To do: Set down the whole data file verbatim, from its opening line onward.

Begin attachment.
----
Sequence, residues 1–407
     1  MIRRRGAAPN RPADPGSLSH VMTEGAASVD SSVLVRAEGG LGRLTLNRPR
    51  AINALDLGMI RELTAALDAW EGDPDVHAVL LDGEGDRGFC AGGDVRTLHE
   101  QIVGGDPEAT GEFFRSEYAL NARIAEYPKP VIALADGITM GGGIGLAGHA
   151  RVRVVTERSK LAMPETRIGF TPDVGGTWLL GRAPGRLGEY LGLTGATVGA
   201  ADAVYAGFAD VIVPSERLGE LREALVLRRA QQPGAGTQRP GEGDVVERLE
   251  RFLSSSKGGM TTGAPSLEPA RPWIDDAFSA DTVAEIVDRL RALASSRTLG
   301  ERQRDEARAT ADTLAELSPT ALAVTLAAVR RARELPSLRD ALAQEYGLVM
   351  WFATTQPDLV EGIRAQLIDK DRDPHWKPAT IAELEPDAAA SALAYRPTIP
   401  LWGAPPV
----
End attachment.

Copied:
Sequence, residues 1–407
     1  MIRRRGAAPN RPADPGSLSH VMTEGAASVD SSVLVRAEGG LGRLTLNRPR
    51  AINALDLGMI RELTAALDAW EGDPDVHAVL LDGEGDRGFC AGGDVRTLHE
   101  QIVGGDPEAT GEFFRSEYAL NARIAEYPKP VIALADGITM GGGIGLAGHA
   151  RVRVVTERSK LAMPETRIGF TPDVGGTWLL GRAPGRLGEY LGLTGATVGA
   201  ADAVYAGFAD VIVPSERLGE LREALVLRRA QQPGAGTQRP GEGDVVERLE
   251  RFLSSSKGGM TTGAPSLEPA RPWIDDAFSA DTVAEIVDRL RALASSRTLG
   301  ERQRDEARAT ADTLAELSPT ALAVTLAAVR RARELPSLRD ALAQEYGLVM
   351  WFATTQPDLV EGIRAQLIDK DRDPHWKPAT IAELEPDAAA SALAYRPTIP
   401  LWGAPPV